Department of Medicine 'B'Dr. Pinchas Bornstein Talpiot Medical Leadership ProgramChaim Sheba Medical Center, Tel Hashomer, Ramat Gan 52621, IsraelIsrael Defense Forces Medical CorpsRamat Gan, IsraelDivision of Endocrinology and MetabolismPopulation Healthy Research Institute, McMaster University and Hamilton Health Sciences, Hamilton, Ontario, CanadaSackler School of MedicineTel Aviv University, Tel Aviv, IsraelIsrael Ministry of HealthJerusalem, IsraelDepartment of EndocrinologyChaim Sheba Medical Center, Tel Hashomer, Ramat Gan 52621, IsraelDivision of EndocrinologyDiabetes and Hypertension, Harvard Medical School, Brigham and Women's Hospital, Boston, Massachusetts, USA Department of Medicine 'B'Dr. Pinchas Bornstein Talpiot Medical Leadership ProgramChaim Sheba Medical Center, Tel Hashomer, Ramat Gan 52621, IsraelIsrael Defense Forces Medical CorpsRamat Gan, IsraelDivision of Endocrinology and MetabolismPopulation Healthy Research Institute, McMaster University and Hamilton Health Sciences, Hamilton, Ontario, CanadaSackler School of MedicineTel Aviv University, Tel Aviv, IsraelIsrael Ministry of HealthJerusalem, IsraelDepartment of EndocrinologyChaim Sheba Medical Center, Tel Hashomer, Ramat Gan 52621, IsraelDivision of EndocrinologyDiabetes and Hypertension, Harvard Medical School, Brigham and Women's Hospital, Boston, Massachusetts, USA.

Abstract

OBJECTIVE:

The aim of this study was to assess coronary artery disease (CAD) risk among obese young men without metabolic risk factors.

DESIGN:

A longitudinal study in a historical cohort.

METHODS:

Incident CAD during a median follow-up of 6.1 years was assessed among 31,684 young men (mean age 31.2 ± 5.7 years) of the Metabolic, Lifestyle and Nutrition Assessment in Young Adults (MELANY) cohort. Participants were categorized by BMI and the number of metabolic abnormalities (based on the Adult Treatment Panel-III). Metabolically healthy (MH) obesity was defined as BMI ≥ 30 kg/m(2) in the presence of normal blood pressure (BP) and normal levels of fasting glucose, triglyceride, and HDL-cholesterol (HDL-c) levels (n = 599; 1.9%). Cox proportional hazard models were applied.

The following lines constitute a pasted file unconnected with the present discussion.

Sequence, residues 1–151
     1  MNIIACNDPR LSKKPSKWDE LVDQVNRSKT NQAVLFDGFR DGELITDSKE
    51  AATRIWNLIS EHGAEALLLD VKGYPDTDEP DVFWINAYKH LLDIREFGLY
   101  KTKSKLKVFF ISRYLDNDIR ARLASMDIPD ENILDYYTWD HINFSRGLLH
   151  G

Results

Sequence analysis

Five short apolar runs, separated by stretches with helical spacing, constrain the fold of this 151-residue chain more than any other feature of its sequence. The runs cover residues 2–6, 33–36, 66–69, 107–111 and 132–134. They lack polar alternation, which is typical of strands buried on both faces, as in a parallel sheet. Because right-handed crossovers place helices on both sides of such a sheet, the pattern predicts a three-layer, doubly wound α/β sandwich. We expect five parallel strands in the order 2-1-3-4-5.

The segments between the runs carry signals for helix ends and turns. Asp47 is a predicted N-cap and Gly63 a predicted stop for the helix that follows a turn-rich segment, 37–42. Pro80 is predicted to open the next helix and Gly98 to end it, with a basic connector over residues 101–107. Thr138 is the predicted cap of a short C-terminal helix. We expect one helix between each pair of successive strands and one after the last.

RESULTS:

There were 198 new cases of CAD that were diagnosed during 209,971 person-years of follow-up, of which six cases occurred among MH obese. The incidence of CAD among MH lean, overweight, and obese participants was 0.23, 0.45, and 1.0/1000 person-years respectively. In a multivariable model adjusted for clinical and biochemical CAD risk factors, a higher CAD risk was observed among MH-obese (hazard ratio = 3.08; 95% CI = 1.10-8.68, P = 0.033), compared to MH-normal weight subjects. This risk persisted when BMI was treated as a time-dependent variable, or when fasting glucose, HDL-c, triglycerides, or BP were added to the model. Similar results were also obtained when a more permissive definition of MH was used.

CONCLUSIONS:

Obesity may continue to contribute to increased risk for incident CAD in young men even in the presence of a healthy metabolic profile.

PMID:
26041076
DOI:
10.1530/EJE-15-0284
[Indexed for MEDLINE]